Mr. Khurram Khawaja: Thank you so much. Yes, we are. We are adapting to the new normal. Slowly and slowly we have seen—we’ve been open some of the month of July and now August. We have seen people returning; the numbers are going up. People are more confident coming out. Of course, we have to keep in mind that we have to keep the tables two metres apart. We have to put in proper signage. We have to make sure the sanitation is done. And when people do come out, they find confidence in the restaurants and they are coming out. So the numbers are going up, but it all depends. Everybody monitors our COVID numbers every day and it can affect day-to-day issues on how things are in the market or how things are in society and how that would impact the restaurant businesses.

Ms. Donna Skelly: We heard from an earlier presenter who was concerned that people will not want to go inside the restaurant and you said, I believe, you’re down to less than 20 people capacity in a restaurant that can hold 90. Am I accurate with those numbers?

Mr. Khurram Khawaja: You are correct. Yes, you are right. We have a 90-chair restaurant. Currently, because of the two metres apart, we can only sit 28 people if there are four people at a table, but usually that’s not the case anymore. It’s the husband and wife or two people dining in, So we are down to 14 people currently. That’s what we can hold.

Ms. Donna Skelly: So is there anything that we could suggest or help you with to modify the capacity? Is it worth putting up, for example, Plexiglas barriers or anything like that, to have more bodies in the restaurant?

The Chair (Mr. Amarjot Sandhu): One minute.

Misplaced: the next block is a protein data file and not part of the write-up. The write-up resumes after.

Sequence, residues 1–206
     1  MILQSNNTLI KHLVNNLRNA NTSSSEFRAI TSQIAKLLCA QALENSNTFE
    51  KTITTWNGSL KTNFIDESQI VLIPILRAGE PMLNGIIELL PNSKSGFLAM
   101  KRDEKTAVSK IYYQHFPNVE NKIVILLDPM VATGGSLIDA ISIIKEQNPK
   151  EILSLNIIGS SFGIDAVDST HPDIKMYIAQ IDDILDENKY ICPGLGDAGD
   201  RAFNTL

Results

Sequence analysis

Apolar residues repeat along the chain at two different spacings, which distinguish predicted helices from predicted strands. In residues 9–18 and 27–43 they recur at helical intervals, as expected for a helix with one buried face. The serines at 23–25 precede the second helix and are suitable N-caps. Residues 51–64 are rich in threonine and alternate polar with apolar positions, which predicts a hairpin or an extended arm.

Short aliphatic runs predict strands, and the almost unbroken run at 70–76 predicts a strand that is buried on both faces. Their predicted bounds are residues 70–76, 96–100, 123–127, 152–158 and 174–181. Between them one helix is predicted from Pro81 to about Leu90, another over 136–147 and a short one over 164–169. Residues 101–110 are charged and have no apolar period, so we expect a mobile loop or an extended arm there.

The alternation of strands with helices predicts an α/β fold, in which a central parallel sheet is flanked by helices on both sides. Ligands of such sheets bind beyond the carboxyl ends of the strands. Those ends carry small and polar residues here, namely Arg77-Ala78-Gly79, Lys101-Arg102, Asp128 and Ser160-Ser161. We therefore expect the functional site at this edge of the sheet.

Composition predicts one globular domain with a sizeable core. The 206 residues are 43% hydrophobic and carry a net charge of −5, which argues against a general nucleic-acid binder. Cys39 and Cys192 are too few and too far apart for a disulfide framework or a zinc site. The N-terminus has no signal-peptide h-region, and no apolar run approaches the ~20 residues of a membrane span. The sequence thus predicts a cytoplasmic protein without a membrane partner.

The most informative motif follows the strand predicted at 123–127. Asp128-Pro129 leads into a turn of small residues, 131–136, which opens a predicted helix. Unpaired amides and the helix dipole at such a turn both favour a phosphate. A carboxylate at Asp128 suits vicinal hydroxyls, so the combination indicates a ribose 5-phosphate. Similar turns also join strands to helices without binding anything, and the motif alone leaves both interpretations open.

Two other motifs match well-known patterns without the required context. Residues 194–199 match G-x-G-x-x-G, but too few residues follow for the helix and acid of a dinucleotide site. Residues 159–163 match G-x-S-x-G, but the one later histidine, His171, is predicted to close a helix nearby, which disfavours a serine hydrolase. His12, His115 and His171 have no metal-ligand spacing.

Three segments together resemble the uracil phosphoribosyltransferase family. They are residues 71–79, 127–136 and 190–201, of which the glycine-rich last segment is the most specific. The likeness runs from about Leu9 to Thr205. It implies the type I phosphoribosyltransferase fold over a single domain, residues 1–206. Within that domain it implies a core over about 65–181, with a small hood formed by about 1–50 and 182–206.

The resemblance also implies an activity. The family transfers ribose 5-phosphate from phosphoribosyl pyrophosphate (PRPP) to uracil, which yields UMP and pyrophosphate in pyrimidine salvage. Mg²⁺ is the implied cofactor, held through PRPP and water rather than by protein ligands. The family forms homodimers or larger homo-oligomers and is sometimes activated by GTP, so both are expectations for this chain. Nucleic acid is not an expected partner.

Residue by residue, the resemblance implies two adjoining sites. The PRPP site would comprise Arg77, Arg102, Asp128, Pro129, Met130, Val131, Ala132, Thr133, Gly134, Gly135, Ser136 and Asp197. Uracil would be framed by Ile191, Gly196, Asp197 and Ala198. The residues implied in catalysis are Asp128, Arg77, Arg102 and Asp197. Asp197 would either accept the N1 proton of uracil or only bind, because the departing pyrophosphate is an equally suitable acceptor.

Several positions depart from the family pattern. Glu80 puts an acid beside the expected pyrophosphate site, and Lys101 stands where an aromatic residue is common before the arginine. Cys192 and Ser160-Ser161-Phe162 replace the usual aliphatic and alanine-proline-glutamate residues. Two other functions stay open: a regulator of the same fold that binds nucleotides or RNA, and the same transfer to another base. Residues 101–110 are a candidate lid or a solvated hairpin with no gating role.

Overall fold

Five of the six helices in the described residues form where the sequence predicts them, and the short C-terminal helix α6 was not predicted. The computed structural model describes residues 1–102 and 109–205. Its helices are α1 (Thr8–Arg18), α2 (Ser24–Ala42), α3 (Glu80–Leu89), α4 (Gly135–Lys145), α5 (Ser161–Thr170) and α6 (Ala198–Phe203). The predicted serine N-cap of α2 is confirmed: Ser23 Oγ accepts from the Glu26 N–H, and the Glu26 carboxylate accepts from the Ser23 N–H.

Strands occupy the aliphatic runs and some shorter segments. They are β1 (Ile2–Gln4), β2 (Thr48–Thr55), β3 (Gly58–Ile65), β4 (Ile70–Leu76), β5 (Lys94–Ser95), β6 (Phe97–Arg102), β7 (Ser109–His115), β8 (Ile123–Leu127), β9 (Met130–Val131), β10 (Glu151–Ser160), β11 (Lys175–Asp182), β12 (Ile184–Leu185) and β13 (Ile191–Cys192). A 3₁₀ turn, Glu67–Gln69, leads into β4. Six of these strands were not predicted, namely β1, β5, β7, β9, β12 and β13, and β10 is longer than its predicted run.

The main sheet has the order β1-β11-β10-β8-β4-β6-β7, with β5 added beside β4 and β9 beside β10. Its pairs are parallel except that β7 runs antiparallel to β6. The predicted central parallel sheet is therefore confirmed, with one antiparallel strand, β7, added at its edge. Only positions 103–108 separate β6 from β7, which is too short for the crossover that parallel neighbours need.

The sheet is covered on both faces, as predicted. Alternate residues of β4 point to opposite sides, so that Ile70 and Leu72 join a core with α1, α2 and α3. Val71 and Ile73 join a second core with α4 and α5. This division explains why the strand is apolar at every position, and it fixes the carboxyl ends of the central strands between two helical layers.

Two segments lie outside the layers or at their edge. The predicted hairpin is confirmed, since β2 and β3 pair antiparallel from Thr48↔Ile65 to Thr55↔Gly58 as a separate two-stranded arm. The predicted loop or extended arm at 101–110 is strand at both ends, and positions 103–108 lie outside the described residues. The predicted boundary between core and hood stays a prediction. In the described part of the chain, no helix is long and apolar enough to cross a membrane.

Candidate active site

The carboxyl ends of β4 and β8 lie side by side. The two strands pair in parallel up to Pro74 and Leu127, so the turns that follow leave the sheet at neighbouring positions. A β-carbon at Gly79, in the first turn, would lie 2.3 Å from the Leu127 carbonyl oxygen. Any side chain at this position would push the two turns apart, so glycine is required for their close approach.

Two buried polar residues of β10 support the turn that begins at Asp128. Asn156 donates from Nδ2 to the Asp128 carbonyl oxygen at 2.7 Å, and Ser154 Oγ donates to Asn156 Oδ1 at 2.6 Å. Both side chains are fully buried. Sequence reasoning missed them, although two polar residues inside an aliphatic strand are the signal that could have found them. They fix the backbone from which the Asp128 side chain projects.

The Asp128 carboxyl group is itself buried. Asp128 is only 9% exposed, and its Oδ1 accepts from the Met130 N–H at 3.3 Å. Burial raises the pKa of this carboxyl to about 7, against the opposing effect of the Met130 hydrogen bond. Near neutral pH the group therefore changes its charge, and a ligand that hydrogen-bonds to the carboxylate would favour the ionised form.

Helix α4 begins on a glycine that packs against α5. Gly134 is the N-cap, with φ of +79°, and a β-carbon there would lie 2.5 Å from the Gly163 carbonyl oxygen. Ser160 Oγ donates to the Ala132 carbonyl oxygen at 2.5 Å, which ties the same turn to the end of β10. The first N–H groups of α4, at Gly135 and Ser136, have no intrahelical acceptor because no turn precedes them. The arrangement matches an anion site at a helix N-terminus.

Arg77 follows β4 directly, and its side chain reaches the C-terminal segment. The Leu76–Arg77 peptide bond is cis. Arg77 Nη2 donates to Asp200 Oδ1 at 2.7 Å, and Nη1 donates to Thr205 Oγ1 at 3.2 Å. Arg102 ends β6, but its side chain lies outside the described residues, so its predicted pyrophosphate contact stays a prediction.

Mr. Khurram Khawaja: It would, but I think some people are more confident when they see that they are far apart and there is a distance between them. So I think for the confidence, it will take time, of course, for people to adjust to the new normal of things, and once they understand that they are secure outside and they have their distance, it would help. More business is still on takeout than it is on dine-in. It’s the weekends that people are more coming in for dine-in.

Ms. Donna Skelly: Was it like that prior to COVID?

Mr. Khurram Khawaja: No, it wasn’t. Especially for our business, most of our business was dine-in rather than take out. People prefer to sit in and enjoy their fish.

Ms. Donna Skelly: Nice and warm.

Mr. Khurram Khawaja: Yes, nice and warm. If I put my fish in a box, I also feel that the steam would kill the fish itself, so the batter goes away. I have a lot more complaints now on my fish. It depends on how far they are travelling with it and other things too.

The Chair (Mr. Amarjot Sandhu): Thank you so much. We’ll move to the opposition side.

Before I do that, MPP Arthur, can you please confirm your attendance?

Mr. Ian Arthur: Yes, I’m here and I’m in Ontario.

The Chair (Mr. Amarjot Sandhu): Thank you. We’ll go to MPP Harden for questions.

Mr. Joel Harden: Thank you to all of the folks who are adjudicating to us this morning.

Ms. Pierce, I was wondering if I could get your reaction to something. Thank you so much for being here today, and for all that you said about the need for us to be particularly mindful of the needs of Black businesses, particularly businesses headed by Black women. One of the things we’ve been inspired to demand in this moment, as the official opposition, is the claim put forward by the Canadian Black Chamber of Commerce, which is asking all governments, including the one here in Ontario, to create a particular designated emergency fund to make sure that we pay particular attention to the way in which this pandemic is disproportionately impacting Black-led businesses. We were wondering what you thought about that.

Ms. Andrea Pierce: As a Black community, we are disproportionately impacted. We’ve seen the recent numbers of the data collection with the Black community, so of course we’re in support of something like that. I think the challenge would be how do you divvy that up and how do you decide who gets it? It becomes very complicated.